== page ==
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Exercise Burnout: Taking Fitness Too Far

Overtraining can lead to physical, emotional problems

(HealthDay is the new name for HealthScoutNews.)

SUNDAY, Aug. 17, 2003 (HealthDayNews) -- Exercise experts spend much of their time exhorting sedentary Americans to move, move, move.

Sound advice, when you consider that about 30 percent of the adult population is inactive, federal officials say, despite a constant bombardment of public health messages about the value of physical activity.

But sometimes the exercise gurus must turn their attention to those Americans who've taken the physical fitness gospel too far. They are the committed exercisers who overtrain to the point of burnout -- even injury. Or well-intentioned couch potatoes who embrace a workout program too aggressively, only to fall victim to injury.

While burnout is difficult to describe, experts know it when they see it, says Cedric X. Bryant, chief exercise physiologist for the American Council on Exercise, a San Diego-based organization that certifies instructors nationwide and educates the public about the value of exercise.

Overtraining is "exercise beyond the body's ability," Bryant says. "It's when training intensity, duration or volume really surpasses the recuperation time being offered to the body."

For instance, a long-distance runner who goes out and runs hard every day, perhaps for several hours, and allows no recuperation time is probably overtraining, Bryant says.

"Recuperation doesn't mean total rest, but active rest," he says. That might mean following a hard day of running with an easy jog the next.

If you don't allow recovery time, Bryant says, you'll soon see a decrease in performance -- a point of diminishing returns.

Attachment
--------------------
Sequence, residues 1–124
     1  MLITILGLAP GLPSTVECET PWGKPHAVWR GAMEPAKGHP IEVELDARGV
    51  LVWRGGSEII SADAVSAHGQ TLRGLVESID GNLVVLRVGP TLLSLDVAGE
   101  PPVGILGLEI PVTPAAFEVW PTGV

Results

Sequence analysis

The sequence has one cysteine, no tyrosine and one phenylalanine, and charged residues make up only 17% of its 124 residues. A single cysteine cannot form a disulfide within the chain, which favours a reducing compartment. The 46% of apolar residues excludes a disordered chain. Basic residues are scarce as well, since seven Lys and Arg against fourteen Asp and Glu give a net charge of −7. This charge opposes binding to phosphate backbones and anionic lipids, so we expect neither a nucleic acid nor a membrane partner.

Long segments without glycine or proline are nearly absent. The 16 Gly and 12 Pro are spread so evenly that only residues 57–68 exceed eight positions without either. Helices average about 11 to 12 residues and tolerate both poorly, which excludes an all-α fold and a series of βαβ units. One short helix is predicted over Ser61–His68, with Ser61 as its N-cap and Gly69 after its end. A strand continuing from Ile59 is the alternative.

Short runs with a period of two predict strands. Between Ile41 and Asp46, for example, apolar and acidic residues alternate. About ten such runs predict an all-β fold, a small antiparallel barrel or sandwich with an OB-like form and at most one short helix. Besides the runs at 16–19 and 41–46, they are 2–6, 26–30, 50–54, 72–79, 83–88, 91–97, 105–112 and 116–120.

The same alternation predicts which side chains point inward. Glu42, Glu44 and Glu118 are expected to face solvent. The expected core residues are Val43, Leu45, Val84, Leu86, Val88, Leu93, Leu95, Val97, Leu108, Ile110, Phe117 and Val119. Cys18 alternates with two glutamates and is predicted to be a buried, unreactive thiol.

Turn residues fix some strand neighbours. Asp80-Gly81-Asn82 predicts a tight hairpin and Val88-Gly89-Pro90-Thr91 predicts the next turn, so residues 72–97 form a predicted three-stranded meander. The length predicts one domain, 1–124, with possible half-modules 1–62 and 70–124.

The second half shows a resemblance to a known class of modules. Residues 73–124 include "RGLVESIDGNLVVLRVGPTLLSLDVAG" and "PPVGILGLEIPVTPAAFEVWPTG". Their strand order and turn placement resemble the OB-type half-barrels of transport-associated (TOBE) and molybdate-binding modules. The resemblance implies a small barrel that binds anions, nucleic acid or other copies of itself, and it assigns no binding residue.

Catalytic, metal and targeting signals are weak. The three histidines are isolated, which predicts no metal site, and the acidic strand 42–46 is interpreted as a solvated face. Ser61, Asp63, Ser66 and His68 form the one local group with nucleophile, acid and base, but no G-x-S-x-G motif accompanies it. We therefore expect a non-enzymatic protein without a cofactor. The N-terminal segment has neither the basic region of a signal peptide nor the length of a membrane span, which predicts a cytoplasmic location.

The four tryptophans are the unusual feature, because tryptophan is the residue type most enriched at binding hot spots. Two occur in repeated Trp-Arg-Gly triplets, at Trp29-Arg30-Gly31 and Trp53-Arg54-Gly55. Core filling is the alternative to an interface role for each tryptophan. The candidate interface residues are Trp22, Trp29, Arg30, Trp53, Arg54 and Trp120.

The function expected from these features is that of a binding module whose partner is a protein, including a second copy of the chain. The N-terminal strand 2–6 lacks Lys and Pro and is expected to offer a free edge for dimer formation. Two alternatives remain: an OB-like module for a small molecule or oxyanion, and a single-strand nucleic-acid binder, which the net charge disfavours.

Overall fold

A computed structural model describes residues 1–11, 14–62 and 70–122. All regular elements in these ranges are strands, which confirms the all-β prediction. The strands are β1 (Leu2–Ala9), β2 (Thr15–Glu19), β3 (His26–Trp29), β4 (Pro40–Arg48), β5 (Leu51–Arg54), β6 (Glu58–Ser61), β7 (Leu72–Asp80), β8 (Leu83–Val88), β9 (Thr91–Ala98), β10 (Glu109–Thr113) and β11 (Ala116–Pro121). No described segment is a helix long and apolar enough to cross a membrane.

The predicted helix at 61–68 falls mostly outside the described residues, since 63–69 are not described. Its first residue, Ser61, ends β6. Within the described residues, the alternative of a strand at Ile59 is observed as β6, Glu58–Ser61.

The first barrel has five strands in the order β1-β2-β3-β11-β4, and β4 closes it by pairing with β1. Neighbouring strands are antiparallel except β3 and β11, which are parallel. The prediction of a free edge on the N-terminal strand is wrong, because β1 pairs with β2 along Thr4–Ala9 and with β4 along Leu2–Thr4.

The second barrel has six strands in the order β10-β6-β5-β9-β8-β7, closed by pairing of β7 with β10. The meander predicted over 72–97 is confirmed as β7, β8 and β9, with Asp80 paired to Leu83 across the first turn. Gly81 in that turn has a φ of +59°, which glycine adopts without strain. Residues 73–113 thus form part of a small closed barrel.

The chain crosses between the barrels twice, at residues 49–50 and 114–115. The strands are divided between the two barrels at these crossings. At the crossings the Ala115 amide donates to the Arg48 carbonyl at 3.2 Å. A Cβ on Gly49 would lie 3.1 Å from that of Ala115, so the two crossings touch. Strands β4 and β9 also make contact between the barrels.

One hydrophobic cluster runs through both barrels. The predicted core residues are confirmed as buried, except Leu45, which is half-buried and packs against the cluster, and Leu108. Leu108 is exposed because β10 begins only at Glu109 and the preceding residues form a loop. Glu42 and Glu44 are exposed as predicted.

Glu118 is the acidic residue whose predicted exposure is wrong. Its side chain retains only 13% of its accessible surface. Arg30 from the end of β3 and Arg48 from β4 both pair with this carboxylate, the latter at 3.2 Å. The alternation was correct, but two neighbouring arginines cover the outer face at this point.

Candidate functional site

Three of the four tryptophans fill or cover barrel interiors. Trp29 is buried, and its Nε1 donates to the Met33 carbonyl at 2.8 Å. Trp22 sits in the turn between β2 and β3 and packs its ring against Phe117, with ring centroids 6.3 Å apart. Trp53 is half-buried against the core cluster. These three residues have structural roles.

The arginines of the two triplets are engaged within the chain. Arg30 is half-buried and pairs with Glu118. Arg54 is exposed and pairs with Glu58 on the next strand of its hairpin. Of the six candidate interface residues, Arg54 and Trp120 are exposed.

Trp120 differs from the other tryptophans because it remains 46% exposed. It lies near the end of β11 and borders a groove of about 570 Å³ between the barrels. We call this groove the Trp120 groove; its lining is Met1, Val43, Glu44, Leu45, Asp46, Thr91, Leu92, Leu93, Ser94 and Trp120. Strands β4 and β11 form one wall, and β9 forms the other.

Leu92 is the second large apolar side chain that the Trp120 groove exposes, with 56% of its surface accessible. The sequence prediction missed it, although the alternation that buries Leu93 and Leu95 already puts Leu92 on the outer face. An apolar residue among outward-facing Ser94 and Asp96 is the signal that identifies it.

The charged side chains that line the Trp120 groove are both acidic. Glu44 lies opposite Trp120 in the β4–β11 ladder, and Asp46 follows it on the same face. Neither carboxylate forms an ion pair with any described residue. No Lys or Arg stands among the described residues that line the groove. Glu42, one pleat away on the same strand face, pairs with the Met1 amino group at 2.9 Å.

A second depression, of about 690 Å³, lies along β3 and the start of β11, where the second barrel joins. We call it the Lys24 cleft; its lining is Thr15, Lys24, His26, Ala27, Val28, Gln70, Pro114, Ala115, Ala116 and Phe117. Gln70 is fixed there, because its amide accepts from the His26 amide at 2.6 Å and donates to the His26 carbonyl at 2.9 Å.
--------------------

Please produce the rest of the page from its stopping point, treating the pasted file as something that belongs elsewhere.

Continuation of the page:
This can be hard for many people to grasp; they figure that if some exercise is good, more must be better.

Besides a decline in physical performance, common signs and symptoms of overtraining include dwindling enthusiasm for working out; increases in resting heart rate and resting blood pressure; muscle or joint soreness that won't go away; increased incidence of colds and infection; a decrease in appetite and weight; disturbed sleep, and increased irritability, anxiety or depression, Bryant says.

"Most people aren't adept at recognizing it in themselves," he says. Often a physician, a coach or a spouse might point it out.

And the person may deny it.

Bryant estimates that about 10 percent of the American adult population falls into the overtraining trap.

"You tend to see overtraining occurring in certain sports," says Dr. P.Z. Pearce, a sports medicine physician in Spokane, Wash., who has published on the topic in medical literature.

These sports include gymnastics, figure skating, marathon running and body building, says Pearce, who also serves as team physician for pro football's Seattle Seahawks and medical director of the Iron Man triathalon in Coeur d'Alene, Idaho.

While athletes and dedicated exercisers are most vulnerable to overtraining, health experts say weekend warriors or those kicking off an exercise program frequently run into problems.

Both groups need help, the experts say.

Escaping the overtraining trap can be as hard as giving up cigarettes or alcohol, Pearce says. "It seriously is like any other addiction. Usually it takes an injury to convince them they have to slow down," he adds.

Pearce remembers a marathon runner who was forced by an injury to throttle back on her training schedule right before a race. The result: She ran her best marathon ever. The healing that took place during her slack period was the secret, Pearce says, and convinced her that more isn't always better.

Adds Bryant: "The gains [in performance and skill] are made during the recovery process. What happens is that when you are stressing the various systems, challenging them to perform at a higher level, during the recovery process, adaptation occurs. Muscles increase in their strength and size."

And performance improves.

So how can you avoid the overtraining trap?

The key, Bryant and Pearce say, is to listen to your body. If you feel more exhausted than energized despite your best exercise efforts, it's probably time to scale back your regimen.

And finally, practice moderation. As the American Council on Exercise notes: "Don't expect to exercise an hour every day simply because your fit friend does. The body needs time to adjust, adapt and recuperate. Exercising to the point of overtraining is simply taking one step forward, two steps back."

More information

For details on the signs and causes of overtraining, visit the American Council on Exercise. The council also offers examples of moderate activity.

SOURCES: P.Z. Pearce, M.D., sports medicine physician, Spokane, Wash.; Cedric Bryant, Ph.D., chief exercise physiologist, American Council on Exercise, San Diego
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